Carbon Removal with Co-Benefits
Biochar carbon credits currently only quantify the net-removal and storage of emissions resulting from the biochar production process, not forest health (upstream) or soils (downstream), increased biodiversity, water savings in agriculture and other positive benefits. Here are some of the additional ecosystem co-benefits produced by biochar:
- Mitigating or reversing land degradation: IPCC’s Special Report on Land and Climate Change, published August 2019, lists biochar as a tool not only for climate change mitigation but for mitigating and reversing land degradation as well (Olsson et al, 2019).
- Soil health: Biochar amendments enhance overall health of a soil by improving physical, chemical, and biological properties that support plant and microbial growth (Guo, 2020). Resulting improvements in soil health can have positive influence even centuries after application (Glaser et al., 2001, Downie et al. 2011) .
- Crop yield: When biochar is applied to soils used for agriculture, an average yield increase of 15% to 26% can be expected according to recent meta-analysis of >100 field studies (Ye et al. 2020). Greater yield is key for farmer adoption, and also means that less land is required for producing the same amount of food or that more food can be grown on the same amount of land.
- Water conservation: Biochar can help conserve water used for crop production through dramatic improvements in water retention with coarse, sandy soils, and modest water retention improvements in medium textured soils. In fine textured clay dominant soils, biochar has not been found to improve water retention, but still results in water efficiency gains through improved water infiltration, the ability of heavy soil to accept the rain that falls, and by increasing the portion of water in soil that is actually available to plants (Razzaghi et al. 2019)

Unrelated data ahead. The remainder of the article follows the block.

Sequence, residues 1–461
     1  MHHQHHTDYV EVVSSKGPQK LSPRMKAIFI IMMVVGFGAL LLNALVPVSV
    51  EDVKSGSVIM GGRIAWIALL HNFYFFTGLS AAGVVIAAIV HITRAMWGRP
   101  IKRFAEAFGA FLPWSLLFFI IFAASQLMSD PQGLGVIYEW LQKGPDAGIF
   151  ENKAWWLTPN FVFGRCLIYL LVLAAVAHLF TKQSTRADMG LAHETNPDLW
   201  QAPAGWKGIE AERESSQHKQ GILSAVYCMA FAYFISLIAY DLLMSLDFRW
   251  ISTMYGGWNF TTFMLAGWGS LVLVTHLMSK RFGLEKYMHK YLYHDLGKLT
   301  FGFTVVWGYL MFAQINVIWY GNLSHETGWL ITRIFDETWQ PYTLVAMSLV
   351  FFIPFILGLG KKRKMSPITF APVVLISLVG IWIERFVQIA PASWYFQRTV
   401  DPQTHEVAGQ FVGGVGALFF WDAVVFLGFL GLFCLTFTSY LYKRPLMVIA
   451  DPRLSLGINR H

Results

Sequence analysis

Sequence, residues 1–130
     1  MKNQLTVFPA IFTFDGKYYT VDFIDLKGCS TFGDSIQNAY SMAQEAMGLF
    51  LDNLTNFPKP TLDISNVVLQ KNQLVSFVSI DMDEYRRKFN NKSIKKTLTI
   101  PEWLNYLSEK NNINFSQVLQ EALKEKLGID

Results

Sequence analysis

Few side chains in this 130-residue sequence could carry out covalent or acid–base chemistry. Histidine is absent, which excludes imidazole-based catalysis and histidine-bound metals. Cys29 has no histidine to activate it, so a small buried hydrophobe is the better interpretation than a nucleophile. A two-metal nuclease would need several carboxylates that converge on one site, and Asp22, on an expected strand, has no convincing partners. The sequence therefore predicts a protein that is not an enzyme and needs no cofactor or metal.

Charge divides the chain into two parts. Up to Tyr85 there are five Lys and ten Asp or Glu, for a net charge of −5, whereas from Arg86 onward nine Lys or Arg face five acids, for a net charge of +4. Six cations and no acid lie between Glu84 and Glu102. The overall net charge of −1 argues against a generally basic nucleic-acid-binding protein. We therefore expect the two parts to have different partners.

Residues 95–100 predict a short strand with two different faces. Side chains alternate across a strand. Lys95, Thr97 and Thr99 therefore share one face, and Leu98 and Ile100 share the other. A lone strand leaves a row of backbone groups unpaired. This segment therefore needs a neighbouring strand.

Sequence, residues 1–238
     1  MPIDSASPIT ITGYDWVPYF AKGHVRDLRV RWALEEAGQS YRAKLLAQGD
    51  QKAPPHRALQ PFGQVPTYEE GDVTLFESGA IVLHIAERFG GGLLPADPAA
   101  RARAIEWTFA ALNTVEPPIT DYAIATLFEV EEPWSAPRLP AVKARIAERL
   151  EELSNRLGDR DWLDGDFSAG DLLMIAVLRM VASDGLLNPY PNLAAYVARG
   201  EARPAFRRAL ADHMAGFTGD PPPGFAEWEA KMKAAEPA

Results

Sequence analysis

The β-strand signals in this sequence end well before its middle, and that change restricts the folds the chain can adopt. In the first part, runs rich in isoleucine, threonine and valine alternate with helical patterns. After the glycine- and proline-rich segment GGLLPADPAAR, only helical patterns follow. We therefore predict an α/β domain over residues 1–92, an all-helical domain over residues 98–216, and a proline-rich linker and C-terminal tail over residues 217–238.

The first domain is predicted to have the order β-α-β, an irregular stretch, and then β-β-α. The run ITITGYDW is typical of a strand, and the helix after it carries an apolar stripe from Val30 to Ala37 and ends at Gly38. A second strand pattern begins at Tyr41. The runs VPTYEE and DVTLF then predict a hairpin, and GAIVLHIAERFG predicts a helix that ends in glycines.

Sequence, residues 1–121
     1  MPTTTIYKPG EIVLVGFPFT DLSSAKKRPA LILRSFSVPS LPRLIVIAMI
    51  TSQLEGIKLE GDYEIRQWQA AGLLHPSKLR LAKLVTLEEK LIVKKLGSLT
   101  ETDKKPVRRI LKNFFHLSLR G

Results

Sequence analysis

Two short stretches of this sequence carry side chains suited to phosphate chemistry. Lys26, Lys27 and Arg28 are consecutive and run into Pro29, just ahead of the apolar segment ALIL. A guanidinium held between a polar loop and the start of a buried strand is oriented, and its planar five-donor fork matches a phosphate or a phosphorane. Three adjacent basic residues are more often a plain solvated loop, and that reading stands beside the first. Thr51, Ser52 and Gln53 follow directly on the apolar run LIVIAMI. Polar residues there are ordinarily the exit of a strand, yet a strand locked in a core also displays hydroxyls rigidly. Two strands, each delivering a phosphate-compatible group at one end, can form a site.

- Nutrient conservation: Biochar, like a charcoal filter, helps to hold plant nutrients in topsoil, resistant to environmental loss, yet available to microbes and plants (Liu et al. 2018, 2019, Borchard et al., 2019, Glaser et al. 2019). Reducing nutrient pollution of our water resources is a growing concern that biochar can help to address. Improving efficiency of fertilizers not only saves money, it conserves our precious resources.
- Greenhouse gas emission reduction from compost systems, particularly manure: A recent research review found biochar to be one of the top available strategies for reducing CH4 ER from dairy manure in California, noting that when biochar is incorporated with early stage manure compost a methane emission reduction of 41% is the mean (Strategies to Reduce Methane, Kebreab, 2021). Dairy manure is responsible for 25% of Californias methane emissions, representing about 30 MMTCO2e annually (Methane, Cows, and Climate Change: California Dairy’s path to Climate Neutrality, 2021).
- Forest health: Our initial focus is in the high fire hazard areas of northern California, where catastrophic wildfires wreak havoc and the excess biomass fuel loads of mis-managed forests needs a good home. Our biochar production provides utilization pathways for forest biomass generated during forest health improvement efforts. To help understand how our company’s biochar production goals are aligned with forest management, carbon drawdown, and drought resiliency, we developed the Big California Biochar Model, a valuable tool for looking at the big picture.